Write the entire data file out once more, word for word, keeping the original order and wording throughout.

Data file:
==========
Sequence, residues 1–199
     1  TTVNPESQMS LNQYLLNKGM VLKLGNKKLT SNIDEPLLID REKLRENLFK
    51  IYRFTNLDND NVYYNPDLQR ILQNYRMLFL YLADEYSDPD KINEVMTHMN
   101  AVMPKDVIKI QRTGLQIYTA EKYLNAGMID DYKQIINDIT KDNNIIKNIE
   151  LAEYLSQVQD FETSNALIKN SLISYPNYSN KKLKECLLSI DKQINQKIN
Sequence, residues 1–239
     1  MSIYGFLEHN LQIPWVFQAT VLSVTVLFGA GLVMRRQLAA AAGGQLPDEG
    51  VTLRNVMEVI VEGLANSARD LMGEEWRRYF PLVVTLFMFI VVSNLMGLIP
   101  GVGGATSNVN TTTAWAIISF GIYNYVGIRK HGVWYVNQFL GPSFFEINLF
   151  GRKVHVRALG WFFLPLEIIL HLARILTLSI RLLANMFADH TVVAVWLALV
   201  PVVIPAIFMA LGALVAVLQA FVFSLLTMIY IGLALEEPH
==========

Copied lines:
Sequence, residues 1–199
     1  TTVNPESQMS LNQYLLNKGM VLKLGNKKLT SNIDEPLLID REKLRENLFK
    51  IYRFTNLDND NVYYNPDLQR ILQNYRMLFL YLADEYSDPD KINEVMTHMN
   101  AVMPKDVIKI QRTGLQIYTA EKYLNAGMID DYKQIINDIT KDNNIIKNIE
   151  LAEYLSQVQD FETSNALIKN SLISYPNYSN KKLKECLLSI DKQINQKIN
Sequence, residues 1–239
     1  MSIYGFLEHN LQIPWVFQAT VLSVTVLFGA GLVMRRQLAA AAGGQLPDEG
    51  VTLRNVMEVI VEGLANSARD LMGEEWRRYF PLVVTLFMFI VVSNLMGLIP
   101  GVGGATSNVN TTTAWAIISF GIYNYVGIRK HGVWYVNQFL GPSFFEINLF
   151  GRKVHVRALG WFFLPLEIIL HLARILTLSI RLLANMFADH TVVAVWLALV
   201  PVVIPAIFMA LGALVAVLQA FVFSLLTMIY IGLALEEPH